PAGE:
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Haloperidol vs. Valproate in Agitation

This study has been completed.
ClinicalTrials.gov Identifier:
First Posted: December 17, 2012
Last Update Posted: October 12, 2017
The safety and scientific validity of this study is the responsibility of the study sponsor and investigators. Listing a study does not mean it has been evaluated by the U.S. Federal Government. Read our disclaimer for details.
Information provided by (Responsible Party):
Dr. Kamran Heydari, Shaheed Beheshti Medical University
The aim of this study is to compare the efficacy of haloperidol and valproate in management of people with agitation in emergency department

Condition Intervention Phase
Psychomotor Agitation Drug: Haloperidol Drug: Valproate Phase 3

Study Type: Interventional
Study Design: Allocation: Randomized
Intervention Model: Parallel Assignment
Masking: Quadruple (Participant, Care Provider, Investigator, Outcomes Assessor)
Primary Purpose: Treatment
Official Title: Haloperidol vs. Valproate in the Management of Agitated Patients Presenting to the Emergency Department: A Randomized Clinical Trial

Resource links provided by NLM:

Further study details as provided by Dr. Kamran Heydari, Shaheed Beheshti Medical University:

Primary Outcome Measures:
  • Reduction in Agitated Behavior Scale (ABS) score [ Time Frame: within the first 30 minutes of treatment onset ]
    Patients were rated before medication administration and within 30 minutes afterwards according to Agitated Behavior Scale (ABS) score. Any statistically significant change in ABS score consider as positive effect of either intervention.

Enrollment: 56
Study Start Date: December 2012
Study Completion Date: January 2013
Primary Completion Date: December 2012 (Final data collection date for primary outcome measure)
Arms Assigned Interventions
Active Comparator: Haloperidol
Haloperidol 5mg intramuscular injection
Drug: Haloperidol
Other Name: Haldol
Active Comparator: Valproate
Valproate single Infusion; 400 mg (weigh<60 kg), 500 mg (weight>60 Kg)
Drug: Valproate
Other Name: Depakene


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Ages Eligible for Study:   18 Years to 60 Years   (Adult)
Sexes Eligible for Study:   All
Accepts Healthy Volunteers:   No

Inclusion Criteria:

  • Clinical diagnosis of psychomotor agitation
  • aged 18 to 65 years

Exclusion Criteria:

  • Pregnant patients
  • Severe liver disease
  • History of drug (haloperidol/valproate) allergy
  • Readily amendable causes for the agitation (hypoxemia or hypoglycemia)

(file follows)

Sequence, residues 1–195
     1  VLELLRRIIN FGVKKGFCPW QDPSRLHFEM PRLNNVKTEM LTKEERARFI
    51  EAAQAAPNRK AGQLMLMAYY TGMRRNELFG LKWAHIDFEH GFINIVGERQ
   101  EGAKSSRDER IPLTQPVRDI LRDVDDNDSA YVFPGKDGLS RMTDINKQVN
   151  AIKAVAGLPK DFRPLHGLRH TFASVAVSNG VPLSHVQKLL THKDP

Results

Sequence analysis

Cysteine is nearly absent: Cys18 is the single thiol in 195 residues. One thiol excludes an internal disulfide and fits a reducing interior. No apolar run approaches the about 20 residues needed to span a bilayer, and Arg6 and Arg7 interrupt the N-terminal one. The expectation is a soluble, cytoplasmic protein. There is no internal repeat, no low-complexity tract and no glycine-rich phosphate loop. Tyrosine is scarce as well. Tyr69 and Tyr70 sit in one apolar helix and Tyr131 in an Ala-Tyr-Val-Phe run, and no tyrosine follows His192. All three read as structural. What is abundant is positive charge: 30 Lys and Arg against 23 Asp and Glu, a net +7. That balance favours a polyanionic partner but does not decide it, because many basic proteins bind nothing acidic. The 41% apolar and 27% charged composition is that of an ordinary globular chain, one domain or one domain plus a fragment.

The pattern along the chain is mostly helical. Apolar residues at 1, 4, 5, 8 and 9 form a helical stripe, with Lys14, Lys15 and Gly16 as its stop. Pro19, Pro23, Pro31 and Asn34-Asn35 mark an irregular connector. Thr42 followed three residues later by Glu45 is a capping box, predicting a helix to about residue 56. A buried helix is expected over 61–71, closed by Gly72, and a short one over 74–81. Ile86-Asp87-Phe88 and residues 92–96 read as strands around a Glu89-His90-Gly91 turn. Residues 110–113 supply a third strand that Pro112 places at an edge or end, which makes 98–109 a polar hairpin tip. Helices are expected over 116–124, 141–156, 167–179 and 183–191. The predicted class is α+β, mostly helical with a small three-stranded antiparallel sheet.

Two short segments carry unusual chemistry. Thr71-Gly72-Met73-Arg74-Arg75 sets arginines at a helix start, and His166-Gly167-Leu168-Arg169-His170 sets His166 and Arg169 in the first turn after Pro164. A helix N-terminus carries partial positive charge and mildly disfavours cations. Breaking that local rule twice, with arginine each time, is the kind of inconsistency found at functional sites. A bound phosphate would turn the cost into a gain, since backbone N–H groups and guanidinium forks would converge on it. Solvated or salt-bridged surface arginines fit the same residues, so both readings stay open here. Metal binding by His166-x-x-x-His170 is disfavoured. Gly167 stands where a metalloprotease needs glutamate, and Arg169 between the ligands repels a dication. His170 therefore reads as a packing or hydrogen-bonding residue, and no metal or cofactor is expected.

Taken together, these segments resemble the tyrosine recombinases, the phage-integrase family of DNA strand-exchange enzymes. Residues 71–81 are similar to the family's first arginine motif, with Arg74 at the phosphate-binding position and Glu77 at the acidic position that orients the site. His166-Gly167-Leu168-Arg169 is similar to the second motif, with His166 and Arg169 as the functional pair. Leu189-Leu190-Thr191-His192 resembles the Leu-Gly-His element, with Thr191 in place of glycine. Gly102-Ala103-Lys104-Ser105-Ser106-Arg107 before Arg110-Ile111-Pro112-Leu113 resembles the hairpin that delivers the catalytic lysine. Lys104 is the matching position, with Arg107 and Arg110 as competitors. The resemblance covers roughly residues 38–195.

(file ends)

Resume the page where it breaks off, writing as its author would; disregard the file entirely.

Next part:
• Hypotension (systolic blood pressure (SBP) ≤ 90 mm Hg)
  • Known history of liver disease or uncontrolled diabetes
  • Noticeable or suspected head trauma
  • Previous history of neuroleptic malignant syndrome
  • Receiving psychotropic medication, neuroleptic agents or cholinesterase inhibitors at the time of enrollment
  Contacts and Locations
Information from the National Library of Medicine

To learn more about this study, you or your doctor may contact the study research staff using the contact information provided by the sponsor.

Please refer to this study by its ClinicalTrials.gov identifier (NCT number): NCT01750541

Iran, Islamic Republic of
Department of Emergency Medicine, Imam Hossein Hospital
Tehran, Iran, Islamic Republic of, 1617763141
Sponsors and Collaborators
Shahid Beheshti University of Medical Sciences
Principal Investigator: Kamran Heydari, MD Department of Emergency Medicine, Imam Hossein Hospital, Shahid Beheshti University of Medical Sciences, Tehran, Iran.
  More Information

Responsible Party: Dr. Kamran Heydari, Assistant Professor of Emergency Medicine, Shaheed Beheshti Medical University
ClinicalTrials.gov Identifier: NCT01750541     History of Changes
Other Study ID Numbers: SB-021
MOH-021 ( Other Identifier: The Ministry of Health and Medical Education (MOHME) )
First Submitted: December 7, 2012
First Posted: December 17, 2012
Last Update Posted: October 12, 2017
Last Verified: January 2013

Additional relevant MeSH terms:
Psychomotor Agitation
Neurologic Manifestations
Nervous System Diseases
Psychomotor Disorders
Neurobehavioral Manifestations
Signs and Symptoms
Haloperidol decanoate
Valproic Acid
Autonomic Agents
Peripheral Nervous System Agents
Physiological Effects of Drugs
Gastrointestinal Agents
Antipsychotic Agents
Tranquilizing Agents
Central Nervous System Depressants
Psychotropic Drugs
Dopamine Antagonists
Dopamine Agents
Neurotransmitter Agents
Molecular Mechanisms of Pharmacological Action
Anti-Dyskinesia Agents
Enzyme Inhibitors
GABA Agents
Antimanic Agents